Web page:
In order to describe my definition of a Fractal Manifold we must first begin with some very basic mathematical ingredients, the first being a manifold itself. For those of you how do not know what a manifold is you can either read my description of it here (or wiki it here) or just read on.
Let’s begin at the very start. Suppose all you had was a collection of some point-like objects, and that these points had little regions surrounding each of them. Looking at this picture you can start asking some very simple questions such as how many points are there? Another question might be what is the area surrounding each point? Yet another might be how close are two points? These sorts of questions asked of this very simplistic mathematical setting is really how Set Theory was born. See “sets” are just collections of points and “subsets” are just other, sometimes smaller, sets contained in bigger sets. Like a hierarchy of collecting and categorising points in space.
Once you press the “I believe” button on Set Theory things start getting a bit more interesting. A special sort of set becomes apparent, the empty set. Further, you get for free two very fundamental operations that you can perform – both of which are very similar to counting points. These are the union and the intersection. Basically the union combines sets together to form bigger sets without violating any logical laws, and intersection splits sets up into smaller sets, again without violating any logical laws.
The astute reader probably knows at this point where I’m going with all of this. Yes, in fact what we have already in just the first couple of paragraphs of this article is enough to define a topology. A topology is just a prescription or a rule that lets mathematicians talk about things that are open or closed. Why is it important to want to know if something is open (or closed) you ask? Because it let’s you figure out how close something is to something else and one of the fundamental questions we want answered of our simplistic mathematical construction is how close are two points?
How close two things are together is a fundamental question that has many physical and philosophical implications. Evolutionary speaking, we as humans probably evolved with a constant natural desire to know how close two things together – I’m thinking here about how close that hungry tiger is to me and how far away my cave is. One might argue that it was this very question which began physics. Philosophy aside, closeness is important for another reason, a mathematical one. Two things can be classified as being mathematically different if there is some non-zero separation between them. Being different, mathematically, is very interesting (the complement, that is everything being exactly the same, is very boring) and long ago we constructed a tool to help us determine this separation – it’s called a metric.
A metric is a tool and what we call a piece of structure that a mathematician can add to his canvas to enrich his masterpiece. But what exactly is a metric? A metric is a function – which means that it eats something and spits something out (or in other words you put something in and it produces something back for you – quite like a primitive sort of machine). A metric is actually a special kind of function called a functional, yes just add that ‘al‘ at the end and you change its meaning. A functional is basically a function which spits out a single number. So, you could feed a functional a complicated (and I mean really complicated) thing, a functional will go ahead and chew on that and spit out a single lousy number. Well wait a second, that makes sense! If we want to know the distance between two objects then the thing that tells us that distance better be able to consider those two objects and spit out a single number representing that distance.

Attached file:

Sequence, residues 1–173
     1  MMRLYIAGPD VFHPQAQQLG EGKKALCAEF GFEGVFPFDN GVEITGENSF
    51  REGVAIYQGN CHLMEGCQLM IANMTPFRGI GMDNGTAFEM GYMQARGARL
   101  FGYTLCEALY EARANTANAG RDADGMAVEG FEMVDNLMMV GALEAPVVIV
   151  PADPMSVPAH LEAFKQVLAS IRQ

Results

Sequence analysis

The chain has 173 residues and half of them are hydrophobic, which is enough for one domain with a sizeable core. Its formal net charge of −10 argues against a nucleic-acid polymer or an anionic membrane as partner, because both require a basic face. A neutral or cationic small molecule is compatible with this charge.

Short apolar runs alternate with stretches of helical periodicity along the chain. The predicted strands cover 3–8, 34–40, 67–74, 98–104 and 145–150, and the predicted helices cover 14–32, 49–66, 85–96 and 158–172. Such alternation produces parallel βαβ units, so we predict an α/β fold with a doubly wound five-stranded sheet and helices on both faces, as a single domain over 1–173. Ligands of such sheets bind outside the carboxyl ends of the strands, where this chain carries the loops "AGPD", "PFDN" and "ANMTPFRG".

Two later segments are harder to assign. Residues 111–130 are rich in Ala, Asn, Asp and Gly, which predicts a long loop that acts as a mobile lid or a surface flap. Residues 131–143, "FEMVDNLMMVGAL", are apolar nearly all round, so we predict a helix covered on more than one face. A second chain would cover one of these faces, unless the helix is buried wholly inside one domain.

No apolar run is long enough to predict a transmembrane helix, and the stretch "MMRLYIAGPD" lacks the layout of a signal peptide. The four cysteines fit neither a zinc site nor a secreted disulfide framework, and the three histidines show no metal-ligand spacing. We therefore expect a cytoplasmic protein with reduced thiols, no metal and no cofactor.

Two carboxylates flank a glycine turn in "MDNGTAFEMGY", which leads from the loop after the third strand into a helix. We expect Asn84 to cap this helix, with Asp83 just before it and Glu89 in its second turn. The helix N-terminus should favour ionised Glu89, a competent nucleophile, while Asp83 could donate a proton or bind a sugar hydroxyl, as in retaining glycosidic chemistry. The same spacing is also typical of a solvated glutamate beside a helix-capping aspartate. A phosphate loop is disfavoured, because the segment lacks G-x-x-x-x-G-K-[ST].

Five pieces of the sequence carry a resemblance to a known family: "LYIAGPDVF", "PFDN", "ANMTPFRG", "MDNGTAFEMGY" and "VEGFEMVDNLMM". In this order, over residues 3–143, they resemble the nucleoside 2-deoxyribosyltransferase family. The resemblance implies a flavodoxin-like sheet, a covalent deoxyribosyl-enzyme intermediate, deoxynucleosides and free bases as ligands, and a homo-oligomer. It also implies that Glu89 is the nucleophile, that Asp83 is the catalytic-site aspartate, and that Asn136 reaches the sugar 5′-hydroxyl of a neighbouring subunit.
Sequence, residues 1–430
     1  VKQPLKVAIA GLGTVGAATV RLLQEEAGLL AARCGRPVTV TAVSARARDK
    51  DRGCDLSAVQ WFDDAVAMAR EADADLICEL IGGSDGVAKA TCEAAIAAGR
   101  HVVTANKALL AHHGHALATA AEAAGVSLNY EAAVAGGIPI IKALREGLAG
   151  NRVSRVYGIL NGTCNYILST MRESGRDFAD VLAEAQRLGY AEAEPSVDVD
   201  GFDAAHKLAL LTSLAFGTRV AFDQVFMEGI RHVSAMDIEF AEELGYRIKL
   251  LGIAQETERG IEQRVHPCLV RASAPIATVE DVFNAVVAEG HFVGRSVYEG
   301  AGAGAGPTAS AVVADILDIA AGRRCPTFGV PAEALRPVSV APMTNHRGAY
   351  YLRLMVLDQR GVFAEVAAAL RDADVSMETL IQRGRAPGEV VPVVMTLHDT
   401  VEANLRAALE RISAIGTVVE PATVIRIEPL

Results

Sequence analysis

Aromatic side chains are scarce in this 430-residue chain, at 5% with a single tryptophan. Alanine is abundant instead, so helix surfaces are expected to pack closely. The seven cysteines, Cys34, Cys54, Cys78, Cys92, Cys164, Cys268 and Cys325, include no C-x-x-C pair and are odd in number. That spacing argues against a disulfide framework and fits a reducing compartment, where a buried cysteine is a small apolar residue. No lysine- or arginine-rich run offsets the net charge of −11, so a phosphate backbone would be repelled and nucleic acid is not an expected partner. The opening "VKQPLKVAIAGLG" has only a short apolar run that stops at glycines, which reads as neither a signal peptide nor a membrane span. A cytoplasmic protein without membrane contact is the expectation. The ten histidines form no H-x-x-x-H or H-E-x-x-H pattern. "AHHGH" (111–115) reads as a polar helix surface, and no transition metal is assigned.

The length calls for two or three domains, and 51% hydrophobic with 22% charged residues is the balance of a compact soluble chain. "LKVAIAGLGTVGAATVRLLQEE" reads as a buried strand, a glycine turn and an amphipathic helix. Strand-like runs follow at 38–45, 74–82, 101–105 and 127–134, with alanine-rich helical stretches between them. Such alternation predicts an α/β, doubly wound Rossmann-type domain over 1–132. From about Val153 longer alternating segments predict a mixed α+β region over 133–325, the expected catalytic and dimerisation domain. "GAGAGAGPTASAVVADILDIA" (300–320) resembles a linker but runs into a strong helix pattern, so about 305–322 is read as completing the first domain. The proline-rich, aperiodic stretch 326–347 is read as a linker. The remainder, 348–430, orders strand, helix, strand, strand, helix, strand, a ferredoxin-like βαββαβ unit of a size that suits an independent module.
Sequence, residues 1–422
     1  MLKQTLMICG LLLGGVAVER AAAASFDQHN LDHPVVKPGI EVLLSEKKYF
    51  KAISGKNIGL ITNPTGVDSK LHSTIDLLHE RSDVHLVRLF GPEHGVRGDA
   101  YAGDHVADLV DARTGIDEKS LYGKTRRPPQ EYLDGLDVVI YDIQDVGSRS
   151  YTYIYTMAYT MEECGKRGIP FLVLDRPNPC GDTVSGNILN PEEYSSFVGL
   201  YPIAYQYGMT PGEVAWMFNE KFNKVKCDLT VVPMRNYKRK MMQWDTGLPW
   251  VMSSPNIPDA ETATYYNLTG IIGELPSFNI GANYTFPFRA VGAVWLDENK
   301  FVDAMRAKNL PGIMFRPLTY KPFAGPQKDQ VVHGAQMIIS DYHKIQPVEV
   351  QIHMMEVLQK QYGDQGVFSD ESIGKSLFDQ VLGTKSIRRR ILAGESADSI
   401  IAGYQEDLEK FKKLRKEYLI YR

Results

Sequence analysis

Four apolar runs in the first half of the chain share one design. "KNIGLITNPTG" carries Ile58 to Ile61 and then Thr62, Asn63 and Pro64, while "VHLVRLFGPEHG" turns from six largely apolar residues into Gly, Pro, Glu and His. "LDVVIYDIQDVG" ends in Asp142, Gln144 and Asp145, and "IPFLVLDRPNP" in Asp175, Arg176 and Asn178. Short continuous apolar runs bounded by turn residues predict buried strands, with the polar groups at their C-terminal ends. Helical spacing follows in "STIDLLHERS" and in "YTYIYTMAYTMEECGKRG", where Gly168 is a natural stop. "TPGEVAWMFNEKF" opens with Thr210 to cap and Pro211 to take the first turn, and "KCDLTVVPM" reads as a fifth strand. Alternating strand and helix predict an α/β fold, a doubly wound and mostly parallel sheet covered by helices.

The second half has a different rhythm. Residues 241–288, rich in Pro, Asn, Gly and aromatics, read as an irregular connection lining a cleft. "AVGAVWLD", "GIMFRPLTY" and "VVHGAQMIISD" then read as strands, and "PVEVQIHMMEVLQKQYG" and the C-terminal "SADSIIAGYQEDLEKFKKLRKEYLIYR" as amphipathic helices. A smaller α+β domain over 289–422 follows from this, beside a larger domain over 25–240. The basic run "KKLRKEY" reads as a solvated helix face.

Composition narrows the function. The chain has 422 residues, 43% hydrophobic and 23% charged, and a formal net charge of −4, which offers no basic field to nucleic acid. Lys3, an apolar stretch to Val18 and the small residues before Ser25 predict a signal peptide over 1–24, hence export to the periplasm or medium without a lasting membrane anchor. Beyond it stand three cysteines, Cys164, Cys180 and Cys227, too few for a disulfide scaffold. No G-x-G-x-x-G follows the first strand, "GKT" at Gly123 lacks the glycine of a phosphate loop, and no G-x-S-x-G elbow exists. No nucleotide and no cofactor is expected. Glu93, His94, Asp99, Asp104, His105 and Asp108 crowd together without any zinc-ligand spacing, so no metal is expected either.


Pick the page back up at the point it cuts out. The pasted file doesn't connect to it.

However, can we define distance without having to equip ourselves with a metric? The answer is yes we can. A purely topological space (one with just points and neighbourhoods of points) gets a distance measuring tool for free: the open set. An open set can be defined without a metric and with logic alone. Two points are topologically distinguishable if about one point there exists some open set not containing the other. If the second point was within the open set of the first then both points are inside an open set and thus are identical so far as the topology is concerned. So how does one define the open set about a point? There are three rules for constructing an open set:
- The whole collection of all points and the empty collection is an open set,
- Any union of any number of open sets are open sets,
- Any finite intersection of open sets are open sets.
This blue print for open sets is a bit self-fulfilling, but you can just start with the whole collection and the empty set and start creating unions and intersections of varying combinations of the two and create all the open sets possible.
A collection of points and a topology (a collection of open sets) defines what is called a topological space. It’s pretty generic and bland but it doesn’t demand much structure or rules, so it is quite a basic mathematical object and a good starting point for creating a Fractal Manifold. Furthermore, many mathematical frameworks are special examples of topological spaces so we say that a topological space generalises many other types of spaces, one of them, as we will see is a Fractal Manifold.
If you equip a topological space with a metric then you get a metric space. A Fractal Manifold is a metric space but the functional is a little more complicated than the standard Euclidean one – so we leave that definition for later. Instead we next define what a manifold is.
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